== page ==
Here's what you need to know
In their August 2017 communication, CMS reinforced the prohibition on basing coverage decisions on a beneficiary's lack of restoration potential. Rather, coverage of skilled care services depends upon an individualized assessment of the beneficiary's medical condition and the reasonableness and necessity of the treatment, care, or services in question. Moreover, when the individualized assessment demonstrates that skilled care is, in fact, needed in order to safely and effectively maintain the beneficiary at his or her maximum practicable level of function, such care is covered (assuming all other applicable requirements are met). Conversely, coverage in this context would not be available in a situation where the beneficiary's maintenance care needs can be addressed safely and effectively through the use of non-skilled personnel.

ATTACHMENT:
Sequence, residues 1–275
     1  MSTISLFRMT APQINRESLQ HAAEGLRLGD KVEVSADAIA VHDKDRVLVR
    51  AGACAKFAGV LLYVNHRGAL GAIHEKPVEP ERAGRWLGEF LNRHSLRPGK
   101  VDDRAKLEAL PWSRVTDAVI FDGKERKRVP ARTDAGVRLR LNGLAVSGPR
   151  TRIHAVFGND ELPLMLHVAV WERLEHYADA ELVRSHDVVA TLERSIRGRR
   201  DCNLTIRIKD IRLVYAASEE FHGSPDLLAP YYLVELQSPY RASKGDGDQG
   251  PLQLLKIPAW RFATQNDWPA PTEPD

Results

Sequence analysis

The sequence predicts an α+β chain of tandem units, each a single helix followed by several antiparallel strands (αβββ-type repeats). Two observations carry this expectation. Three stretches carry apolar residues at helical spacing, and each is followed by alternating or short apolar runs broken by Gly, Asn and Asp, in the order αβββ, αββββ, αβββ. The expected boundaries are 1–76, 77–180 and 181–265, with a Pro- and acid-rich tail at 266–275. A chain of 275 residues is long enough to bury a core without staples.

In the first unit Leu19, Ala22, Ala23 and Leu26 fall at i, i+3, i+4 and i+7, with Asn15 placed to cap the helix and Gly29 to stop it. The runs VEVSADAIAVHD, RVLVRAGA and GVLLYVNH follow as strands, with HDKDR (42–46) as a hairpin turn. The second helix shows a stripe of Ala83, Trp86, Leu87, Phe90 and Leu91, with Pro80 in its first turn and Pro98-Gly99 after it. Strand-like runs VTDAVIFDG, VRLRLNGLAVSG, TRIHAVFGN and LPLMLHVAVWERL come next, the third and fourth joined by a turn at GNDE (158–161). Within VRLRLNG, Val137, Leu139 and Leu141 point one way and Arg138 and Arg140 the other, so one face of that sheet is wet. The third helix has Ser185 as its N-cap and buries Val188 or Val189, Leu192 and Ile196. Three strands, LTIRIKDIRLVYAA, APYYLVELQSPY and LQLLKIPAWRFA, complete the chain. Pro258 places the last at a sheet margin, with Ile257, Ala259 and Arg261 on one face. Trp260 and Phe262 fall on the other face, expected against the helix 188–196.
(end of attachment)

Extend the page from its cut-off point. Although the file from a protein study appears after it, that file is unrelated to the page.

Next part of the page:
CMS has never supported the imposition of an "improvement standard" rule-of-thumb in determining whether skilled care is required to prevent or slow deterioration in a patient's condition. Thus, such coverage depends not on the beneficiary's restoration potential, but on whether skilled care is required, along with the underlying reasonableness and necessity of the services themselves. In cases where an entity denies a new or continuing request for skilled services, the denial notice must include an explicit and detailed reason for the denial. The denial reason must be based on the beneficiary's need for skilled care, not on a lack of improvement for a beneficiary who requires skilled maintenance nursing services or therapy services as part of a maintenance program in the SNF, HH, or OPT settings.
More information is available
Below please find a link to educational resources regarding CMS' recent clarifications regarding the benefit policy changes made pursuant to the Jimmo v. Sebelius settlement agreement. Please distribute to any staff/personnel responsible involved in any processes around coverage decisions for skilled care services.